Hi, Im new here as well. I also have a huge dent on my skull after 3 series of injections. Had I known this was going to happen I would not have gotten them. The site shows minimal regrowth and its been 2-3 months since i last went back for shots. I don't think the injections are worth it, in my case. To make matters worse I have short hair. :( I did a little research and found out that the dents can happen when the injections are done incorrectly and not spaced out. I've have alopecia since 2008, been to see my first derm and this never happened. I moved and had to get a new derm and this happens. Now, im balding and slightly deformed. wtg..NOT!!
  5. magic8

    magic8 Guest

    Thanks for your replies.

    As for me, I've tried the anti-fungal shampoo and it seems to have reduced the itching quite a bit.

    But the spot with the dent is still sore (it's been sore for about a month already) when I press it. I do hope that there's no permanent damage in that area. And still no sign on any hair on that spot. It's very scary that I have these weird senstations on my scalp and there's absolutely nothing I can do about it other than watch my hair fall...

    Also, my homeopathic doctor recommended me a combination of coconut oil and sesame oil with rosemary and thyme essential oils. I'm supposed to do it every night and sleep on it, but it's just so oily I don't think I can do that.

    Another question I have is that I've got a old spot that's kind of filled in, but the density is not what it used to be before. There's no bald spot now, but the whole area is just sparce and still quite noticable. Has anyone experienced this? Is it eventually going to fill out or is this it?
  6. Joann

    Joann Moderator

    Mar 25, 2005
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    Welcome magic, :grouphug:

    I've had Alopecia Areata on and off almost my entire life and was basically without the correct info on Alopecia Areata until 2004. I had no idea what caused Alopecia Areata or a real understanding of it. As a result I went at it blindly and even made poor decisions about treatments. I'm very glad to see newly diagnosed people arming themselves with as much information as possible. So important as many derms don't fully explain Alopecia Areata to their patients.

    The most important info anyone newly diagnosed with Alopecia Areata should have can be found on this link:

    http://www.niams.nih.gov/Health_Info/Al ... efault.asp

    Dents in the scalp are a result of the cortisone injections. They do eventually disappear. Mine always did.

    Repeated injections in the same area especially if it is for an extended period of time will thin the skin. Perhaps that is why your derm is reluctant to inject an area that is already regrowing.

    The injections don't stop the loss that is was occuring or prevent new areas of loss from forming. They solely jumpstart regrowth in the areas of loss in hopes that the immune system white blood cells stop mistakenly attcking the hair follicles and the hair can continue to grow. If that doesn't happen then you can be growing hair in one area while losing it in another. You can even lose the new regrowth.

    Keep in mind that in Alopecia Areata the hair follicles are always able to regrow hair even after years without if the immune system white blood cells stop their attack. I personally know people who had total scalp loss walking around with full heads of hair now.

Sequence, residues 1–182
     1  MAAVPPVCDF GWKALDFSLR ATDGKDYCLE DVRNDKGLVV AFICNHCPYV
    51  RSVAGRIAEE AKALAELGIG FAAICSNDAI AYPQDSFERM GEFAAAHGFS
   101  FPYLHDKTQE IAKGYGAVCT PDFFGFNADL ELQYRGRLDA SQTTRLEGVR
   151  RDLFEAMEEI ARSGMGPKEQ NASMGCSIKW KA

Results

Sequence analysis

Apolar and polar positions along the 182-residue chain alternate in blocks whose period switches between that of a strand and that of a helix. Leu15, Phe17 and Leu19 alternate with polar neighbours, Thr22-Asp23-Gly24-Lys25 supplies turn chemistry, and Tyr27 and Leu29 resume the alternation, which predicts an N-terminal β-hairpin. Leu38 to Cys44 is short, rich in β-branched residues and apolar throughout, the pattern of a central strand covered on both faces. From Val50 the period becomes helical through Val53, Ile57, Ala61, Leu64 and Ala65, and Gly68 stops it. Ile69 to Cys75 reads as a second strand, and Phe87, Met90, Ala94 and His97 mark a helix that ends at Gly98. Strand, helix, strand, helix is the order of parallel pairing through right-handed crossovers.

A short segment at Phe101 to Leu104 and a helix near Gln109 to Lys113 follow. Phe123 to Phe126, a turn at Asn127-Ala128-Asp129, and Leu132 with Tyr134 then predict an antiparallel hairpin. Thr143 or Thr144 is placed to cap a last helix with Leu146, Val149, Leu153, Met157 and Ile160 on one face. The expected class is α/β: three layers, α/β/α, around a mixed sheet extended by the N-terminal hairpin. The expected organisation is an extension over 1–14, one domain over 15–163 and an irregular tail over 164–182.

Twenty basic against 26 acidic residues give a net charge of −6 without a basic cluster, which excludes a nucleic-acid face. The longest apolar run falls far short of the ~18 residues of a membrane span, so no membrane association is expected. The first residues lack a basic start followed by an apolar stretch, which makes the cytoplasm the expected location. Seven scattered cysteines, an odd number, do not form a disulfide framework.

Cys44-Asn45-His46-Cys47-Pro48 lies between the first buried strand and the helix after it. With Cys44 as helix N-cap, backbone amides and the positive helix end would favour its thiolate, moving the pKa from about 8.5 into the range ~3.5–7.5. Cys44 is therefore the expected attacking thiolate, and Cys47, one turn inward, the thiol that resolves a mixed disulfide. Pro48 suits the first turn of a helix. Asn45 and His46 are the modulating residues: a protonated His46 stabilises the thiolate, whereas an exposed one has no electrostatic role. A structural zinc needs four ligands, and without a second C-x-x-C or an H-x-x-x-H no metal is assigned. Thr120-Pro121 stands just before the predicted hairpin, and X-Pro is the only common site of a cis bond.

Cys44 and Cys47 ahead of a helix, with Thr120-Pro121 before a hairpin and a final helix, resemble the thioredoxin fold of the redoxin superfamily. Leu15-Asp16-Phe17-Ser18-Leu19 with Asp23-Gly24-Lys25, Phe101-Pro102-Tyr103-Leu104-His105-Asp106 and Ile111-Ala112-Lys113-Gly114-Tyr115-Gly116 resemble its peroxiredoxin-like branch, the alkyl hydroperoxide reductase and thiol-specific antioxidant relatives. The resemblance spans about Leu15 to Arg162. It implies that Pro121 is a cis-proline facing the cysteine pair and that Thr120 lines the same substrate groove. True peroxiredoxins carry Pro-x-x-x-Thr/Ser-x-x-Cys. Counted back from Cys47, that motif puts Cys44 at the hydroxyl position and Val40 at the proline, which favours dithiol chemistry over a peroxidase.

The hardest part of coping with Alopecia Areata is the not knowing how bad it will get or when or if one will recover. I always give my own history as reason for hope because I lost almost all my hair at 4. Chance of regrowth at such a young age and rate of severity is very low and yet recover I did though I had ongoing bouts thereafter. Still I was extremely lucky.

    In Alopecia Areata most people will recover within a year and only 1% go on to have the more severe forms of it. I have seen recovery even in those people so lots of room for hope.

    Homeopathic remedies are not endorsed by the medical experts because they are not backed by clinical trials. Some may actually even make hair loss worse as the immune system is already in overdrive and you don't want to try anything that will stimulate it more.

    Hope all this info helps. Feel free to ask any further questions or concerns you may have.

  7. Michelle Santener

    Michelle Santener New Member

    Apr 8, 2018
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    Here is everything that you need to know about a dent in skull or a skull indentation. It can cause due to Gorham’s diseases or Vitamin A toxicity.
    Mainly due to excessive intake of fat soluble vitamin is the major cause of vitamin A toxicity. Fat soluble vitamin contains Retinol and retinoic acid which in terms affect the body in some major ways. Excessive intake can also lead to death followed by liver damage, hairloss.

    Also if the level of Vitamin A intake is not proper then your child may suffer a dent in skull, follow this table for more.

    • 0-6 Months: 400 mcg
    • 7-12 Months: 500 mcg
    • 1-3 Years: 300 mcg
    • 4-8 Years: 400 mcg
    • 9-13 Years: 600 mcg
    • 14+ Years: 700-900 mcg
    1. Stop taking Vitamin A supplements.
    2. Blood test to check the amount of Vitamin A.
    3. Diagnosing at the doctor’s clinic.
    Vitamin A toxicity can lead to a serious cause as it mostly affects the liver or kidney. The severity of damage will be seen first before diagnosing or starting your treatment.
    Source: Safest Symptoms dent in skull